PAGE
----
Martha Wright, ever the chronicler, entertained her sister Lucretia Mott with vignettes from Auburn’s social life. In 1843, the topic of the hour was a proposed act to grant married women the right to own property. Parlor conversations echoed legislative debates. Frances Seward and her husband, Governor William Henry Seward, owned a home in Auburn, where Mrs. Seward (raised a Quaker herself) often invited David and Martha Wright to tea.

      In some ways, Seward was more reform minded than her husband. She used their home as a haven for fugitives from slavery. She also supported the married woman’s property act....

  7. PART 3: THE EVENT:: CONVERGING PATHS

    • CHAPTER 7 Adversity and Transcendence, June 1847–June 1848
      (pp. 157-182)

      June 1847 to June 1848 was a year of transition for Elizabeth Cady Stanton. After 1840, it was the most significant year of her adult life. Personal turmoil forced Stanton to turn outward, to forge for herself a public persona that balanced her private stress and affirmed her sense of control over her life. She emerged with a renewed zest for living and with a sense of purpose that would sustain her for the rest of her life.

      Just before she moved from Boston to Seneca Falls, Stanton wrote to her cousin, Elizabeth Smith Miller, that Henry “dreads the change...

    • CHAPTER 8 Declaring Woman’s Rights, July 1848
      (pp. 183-208)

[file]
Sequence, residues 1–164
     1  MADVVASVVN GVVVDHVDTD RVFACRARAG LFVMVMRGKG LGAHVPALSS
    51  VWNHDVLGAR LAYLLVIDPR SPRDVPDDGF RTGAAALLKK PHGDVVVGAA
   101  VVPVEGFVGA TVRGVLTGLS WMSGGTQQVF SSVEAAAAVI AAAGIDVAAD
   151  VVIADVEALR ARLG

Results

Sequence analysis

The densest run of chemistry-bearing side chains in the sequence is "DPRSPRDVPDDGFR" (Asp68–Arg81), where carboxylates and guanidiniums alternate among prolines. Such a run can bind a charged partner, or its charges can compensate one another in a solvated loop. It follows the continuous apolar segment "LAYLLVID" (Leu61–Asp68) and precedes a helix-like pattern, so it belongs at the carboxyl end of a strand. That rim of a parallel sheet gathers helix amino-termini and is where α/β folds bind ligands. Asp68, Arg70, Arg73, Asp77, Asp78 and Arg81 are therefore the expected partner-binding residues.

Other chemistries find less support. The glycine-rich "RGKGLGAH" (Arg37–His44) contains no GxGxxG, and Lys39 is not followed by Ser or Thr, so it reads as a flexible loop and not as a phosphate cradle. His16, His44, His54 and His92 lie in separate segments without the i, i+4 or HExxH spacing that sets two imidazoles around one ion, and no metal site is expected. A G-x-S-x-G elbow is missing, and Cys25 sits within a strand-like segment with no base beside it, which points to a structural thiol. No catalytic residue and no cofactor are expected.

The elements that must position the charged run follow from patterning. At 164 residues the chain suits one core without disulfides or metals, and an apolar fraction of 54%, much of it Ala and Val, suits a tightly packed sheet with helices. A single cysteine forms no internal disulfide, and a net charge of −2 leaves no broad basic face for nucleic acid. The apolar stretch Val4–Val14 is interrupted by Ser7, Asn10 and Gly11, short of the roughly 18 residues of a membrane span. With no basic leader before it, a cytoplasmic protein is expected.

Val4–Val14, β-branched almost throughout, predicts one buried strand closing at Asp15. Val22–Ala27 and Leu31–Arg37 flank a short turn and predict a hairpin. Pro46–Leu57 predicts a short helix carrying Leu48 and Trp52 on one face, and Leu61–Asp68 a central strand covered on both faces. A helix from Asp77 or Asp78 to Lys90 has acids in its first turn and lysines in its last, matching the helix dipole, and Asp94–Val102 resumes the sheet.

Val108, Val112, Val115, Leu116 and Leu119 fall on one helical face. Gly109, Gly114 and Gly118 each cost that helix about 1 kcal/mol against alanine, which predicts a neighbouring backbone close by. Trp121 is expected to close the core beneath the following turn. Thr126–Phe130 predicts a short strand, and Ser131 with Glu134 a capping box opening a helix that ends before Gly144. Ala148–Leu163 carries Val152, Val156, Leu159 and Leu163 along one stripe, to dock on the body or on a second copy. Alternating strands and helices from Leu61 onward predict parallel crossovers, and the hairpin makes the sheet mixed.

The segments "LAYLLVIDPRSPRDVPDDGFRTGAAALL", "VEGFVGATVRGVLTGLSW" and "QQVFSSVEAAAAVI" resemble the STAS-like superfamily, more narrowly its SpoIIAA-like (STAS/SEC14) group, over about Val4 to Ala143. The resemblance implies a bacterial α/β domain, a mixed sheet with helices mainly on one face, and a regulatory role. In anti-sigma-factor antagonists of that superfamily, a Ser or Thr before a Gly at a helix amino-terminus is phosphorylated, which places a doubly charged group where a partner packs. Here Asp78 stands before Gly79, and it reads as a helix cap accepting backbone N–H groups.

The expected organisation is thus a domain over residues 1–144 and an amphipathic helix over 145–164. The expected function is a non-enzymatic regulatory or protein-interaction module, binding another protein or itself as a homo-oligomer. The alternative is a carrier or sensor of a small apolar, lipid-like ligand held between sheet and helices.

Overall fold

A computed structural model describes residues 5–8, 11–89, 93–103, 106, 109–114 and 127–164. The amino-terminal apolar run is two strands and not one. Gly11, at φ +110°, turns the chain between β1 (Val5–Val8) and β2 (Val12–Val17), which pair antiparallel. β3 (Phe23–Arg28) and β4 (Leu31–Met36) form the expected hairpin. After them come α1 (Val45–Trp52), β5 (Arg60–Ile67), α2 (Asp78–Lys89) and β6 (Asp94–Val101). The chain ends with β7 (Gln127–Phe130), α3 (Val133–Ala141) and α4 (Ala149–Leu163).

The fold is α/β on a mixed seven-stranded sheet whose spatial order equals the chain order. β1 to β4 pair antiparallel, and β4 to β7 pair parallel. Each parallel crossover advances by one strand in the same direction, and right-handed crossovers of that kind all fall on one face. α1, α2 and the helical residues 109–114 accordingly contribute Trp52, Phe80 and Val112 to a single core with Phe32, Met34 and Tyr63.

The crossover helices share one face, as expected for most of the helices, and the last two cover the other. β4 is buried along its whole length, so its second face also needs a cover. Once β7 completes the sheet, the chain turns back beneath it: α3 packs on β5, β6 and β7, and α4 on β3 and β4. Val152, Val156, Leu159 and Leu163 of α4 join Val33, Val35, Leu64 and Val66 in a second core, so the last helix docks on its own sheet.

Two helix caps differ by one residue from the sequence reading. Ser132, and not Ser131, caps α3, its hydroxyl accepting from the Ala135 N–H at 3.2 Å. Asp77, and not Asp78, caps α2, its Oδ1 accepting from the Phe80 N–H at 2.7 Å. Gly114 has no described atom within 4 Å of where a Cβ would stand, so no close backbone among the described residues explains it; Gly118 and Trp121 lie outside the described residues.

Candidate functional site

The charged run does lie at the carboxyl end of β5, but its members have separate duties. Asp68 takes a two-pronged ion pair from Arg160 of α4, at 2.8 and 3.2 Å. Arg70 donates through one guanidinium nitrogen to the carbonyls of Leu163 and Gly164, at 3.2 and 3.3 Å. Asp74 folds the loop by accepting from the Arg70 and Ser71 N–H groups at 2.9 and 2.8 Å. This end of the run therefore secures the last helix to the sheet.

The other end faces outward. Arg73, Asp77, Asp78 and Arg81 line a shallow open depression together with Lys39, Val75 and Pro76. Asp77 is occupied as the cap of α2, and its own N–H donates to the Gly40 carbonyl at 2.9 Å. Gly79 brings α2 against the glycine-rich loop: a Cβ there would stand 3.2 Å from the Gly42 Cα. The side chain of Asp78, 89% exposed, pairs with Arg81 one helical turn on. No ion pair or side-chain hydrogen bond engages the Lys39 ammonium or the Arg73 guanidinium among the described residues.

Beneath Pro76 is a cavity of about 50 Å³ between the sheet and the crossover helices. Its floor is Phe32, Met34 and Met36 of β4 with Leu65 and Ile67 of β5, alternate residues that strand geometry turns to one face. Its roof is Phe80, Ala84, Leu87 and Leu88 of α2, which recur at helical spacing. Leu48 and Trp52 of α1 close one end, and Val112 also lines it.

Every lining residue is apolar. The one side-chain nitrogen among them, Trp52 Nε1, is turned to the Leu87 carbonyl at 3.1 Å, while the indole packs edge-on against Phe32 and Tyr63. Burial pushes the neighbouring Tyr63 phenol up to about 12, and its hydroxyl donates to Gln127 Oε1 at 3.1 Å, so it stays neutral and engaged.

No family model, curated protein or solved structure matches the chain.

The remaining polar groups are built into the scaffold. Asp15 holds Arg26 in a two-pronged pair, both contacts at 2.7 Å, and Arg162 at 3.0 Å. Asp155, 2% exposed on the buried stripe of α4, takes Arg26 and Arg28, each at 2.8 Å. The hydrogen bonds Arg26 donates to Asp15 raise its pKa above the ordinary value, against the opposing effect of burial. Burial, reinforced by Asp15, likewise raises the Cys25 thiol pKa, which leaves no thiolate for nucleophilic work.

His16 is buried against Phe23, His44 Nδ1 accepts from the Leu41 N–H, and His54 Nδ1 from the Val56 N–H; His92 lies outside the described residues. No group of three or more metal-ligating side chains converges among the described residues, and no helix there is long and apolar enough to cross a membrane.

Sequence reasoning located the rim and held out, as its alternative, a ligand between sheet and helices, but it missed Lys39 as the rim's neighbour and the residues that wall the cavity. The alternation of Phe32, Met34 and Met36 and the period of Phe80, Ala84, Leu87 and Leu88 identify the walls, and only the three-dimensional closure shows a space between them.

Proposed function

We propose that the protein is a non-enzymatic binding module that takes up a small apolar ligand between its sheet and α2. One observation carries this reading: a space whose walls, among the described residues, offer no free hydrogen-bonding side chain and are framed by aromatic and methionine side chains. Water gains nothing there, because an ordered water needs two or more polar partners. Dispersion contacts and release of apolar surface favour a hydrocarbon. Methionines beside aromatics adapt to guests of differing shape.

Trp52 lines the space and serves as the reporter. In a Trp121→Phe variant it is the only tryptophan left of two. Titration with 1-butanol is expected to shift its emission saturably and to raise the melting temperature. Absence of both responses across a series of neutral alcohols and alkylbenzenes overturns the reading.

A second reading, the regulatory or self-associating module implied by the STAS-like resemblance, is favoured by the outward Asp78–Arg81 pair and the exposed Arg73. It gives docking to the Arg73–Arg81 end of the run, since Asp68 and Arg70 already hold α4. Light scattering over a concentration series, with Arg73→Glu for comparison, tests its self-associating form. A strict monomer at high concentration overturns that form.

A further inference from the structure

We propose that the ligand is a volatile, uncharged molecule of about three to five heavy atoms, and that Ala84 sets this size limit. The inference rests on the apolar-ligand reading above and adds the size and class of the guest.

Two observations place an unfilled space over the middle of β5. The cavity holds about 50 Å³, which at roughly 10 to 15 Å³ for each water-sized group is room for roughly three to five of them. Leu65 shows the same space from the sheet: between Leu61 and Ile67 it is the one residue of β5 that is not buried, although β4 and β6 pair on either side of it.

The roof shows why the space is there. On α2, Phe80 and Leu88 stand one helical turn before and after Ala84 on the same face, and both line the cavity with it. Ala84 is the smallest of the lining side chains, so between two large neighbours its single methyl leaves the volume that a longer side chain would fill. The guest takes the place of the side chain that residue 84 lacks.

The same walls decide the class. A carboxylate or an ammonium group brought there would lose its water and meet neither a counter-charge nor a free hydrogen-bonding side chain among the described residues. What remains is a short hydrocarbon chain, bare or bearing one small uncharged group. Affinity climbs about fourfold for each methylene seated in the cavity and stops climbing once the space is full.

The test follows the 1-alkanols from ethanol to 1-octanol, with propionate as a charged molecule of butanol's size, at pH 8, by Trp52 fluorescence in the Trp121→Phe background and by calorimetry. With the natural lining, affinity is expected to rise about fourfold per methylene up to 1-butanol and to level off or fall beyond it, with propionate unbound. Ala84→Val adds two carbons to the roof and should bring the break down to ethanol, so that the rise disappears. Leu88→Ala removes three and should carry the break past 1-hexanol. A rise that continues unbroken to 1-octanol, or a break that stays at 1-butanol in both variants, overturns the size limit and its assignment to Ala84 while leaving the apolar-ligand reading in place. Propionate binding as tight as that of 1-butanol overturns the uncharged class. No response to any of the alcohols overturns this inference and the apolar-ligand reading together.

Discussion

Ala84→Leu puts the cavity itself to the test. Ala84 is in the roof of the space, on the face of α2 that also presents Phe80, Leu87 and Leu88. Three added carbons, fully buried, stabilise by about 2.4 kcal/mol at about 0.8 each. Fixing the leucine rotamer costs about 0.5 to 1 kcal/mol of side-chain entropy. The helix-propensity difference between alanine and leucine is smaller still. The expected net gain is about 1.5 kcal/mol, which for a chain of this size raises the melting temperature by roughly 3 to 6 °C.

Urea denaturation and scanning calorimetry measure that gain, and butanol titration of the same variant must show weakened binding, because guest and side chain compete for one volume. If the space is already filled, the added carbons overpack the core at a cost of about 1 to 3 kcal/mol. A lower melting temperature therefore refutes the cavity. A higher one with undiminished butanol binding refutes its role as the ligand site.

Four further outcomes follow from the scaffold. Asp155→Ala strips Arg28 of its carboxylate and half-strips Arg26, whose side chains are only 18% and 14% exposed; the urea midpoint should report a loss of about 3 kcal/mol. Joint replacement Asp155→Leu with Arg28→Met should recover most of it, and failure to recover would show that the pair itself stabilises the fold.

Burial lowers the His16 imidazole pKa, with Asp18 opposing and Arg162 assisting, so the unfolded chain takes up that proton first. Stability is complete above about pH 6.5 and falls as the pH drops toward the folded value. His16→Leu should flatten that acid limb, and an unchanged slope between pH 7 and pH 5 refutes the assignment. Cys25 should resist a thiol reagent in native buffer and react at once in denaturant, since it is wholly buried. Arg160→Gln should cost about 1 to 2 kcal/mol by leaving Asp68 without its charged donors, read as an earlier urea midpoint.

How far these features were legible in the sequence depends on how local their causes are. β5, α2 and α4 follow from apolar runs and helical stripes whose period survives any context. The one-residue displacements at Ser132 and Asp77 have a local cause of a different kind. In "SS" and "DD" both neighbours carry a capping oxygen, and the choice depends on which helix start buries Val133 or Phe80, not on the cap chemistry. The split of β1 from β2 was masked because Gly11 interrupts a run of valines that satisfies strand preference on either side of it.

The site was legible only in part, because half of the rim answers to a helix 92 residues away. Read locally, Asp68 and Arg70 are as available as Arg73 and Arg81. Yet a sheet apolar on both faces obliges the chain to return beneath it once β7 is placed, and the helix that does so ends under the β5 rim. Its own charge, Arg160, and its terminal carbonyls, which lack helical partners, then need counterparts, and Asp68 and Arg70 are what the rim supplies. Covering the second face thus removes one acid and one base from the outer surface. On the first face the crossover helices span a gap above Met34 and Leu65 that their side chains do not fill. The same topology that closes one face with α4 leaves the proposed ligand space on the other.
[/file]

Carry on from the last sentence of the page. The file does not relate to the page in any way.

In July 1848, revolution was in the air. As Americans confronted dramatic economic and social change, they had to redefine old values to meet the demands of a new world. Talk of revolution was not new in 1848. People had debated the idea for years. But in the spring of 1848,revolutionbecame a household word. Through detailed newspaper reports, Americans followed the latest revolution in France. American reformers responded sympathetically. In Boston, a meeting of working men congratulated “our brothers” of France on their “glorious Revolution.” In Rochester, Frederick Douglass asserted that the French revolution reverberated around the globe....

    • CHAPTER 9 The Road from Seneca Falls, 1848–1982
      (pp. 209-240)

      When the convention was over, participants congratulated themselves on how smoothly, how earnestly, and with what self-assurance they had debated such controversial issues. Imagine their surprise, then, when newspapers around the country made fun of their efforts. “No words could express our astonishment,” recalled Elizabeth Cady Stanton, “on finding, a few days afterward, that what seemed to us so timely, so rational, and so sacred, should be a subject for sarcasm and ridicule.”¹

      Certainly, she had evidence enough of contemptuous responses. While theRochester Advertisersimply dismissed the convention as “extremely dull and uninteresting,” other newspapers were downright vituperative, calling...

  8. Notes
    (pp. 241-286)
  9. Index
    (pp. 287-298)
  10. Back Matter
    (pp. 299-302)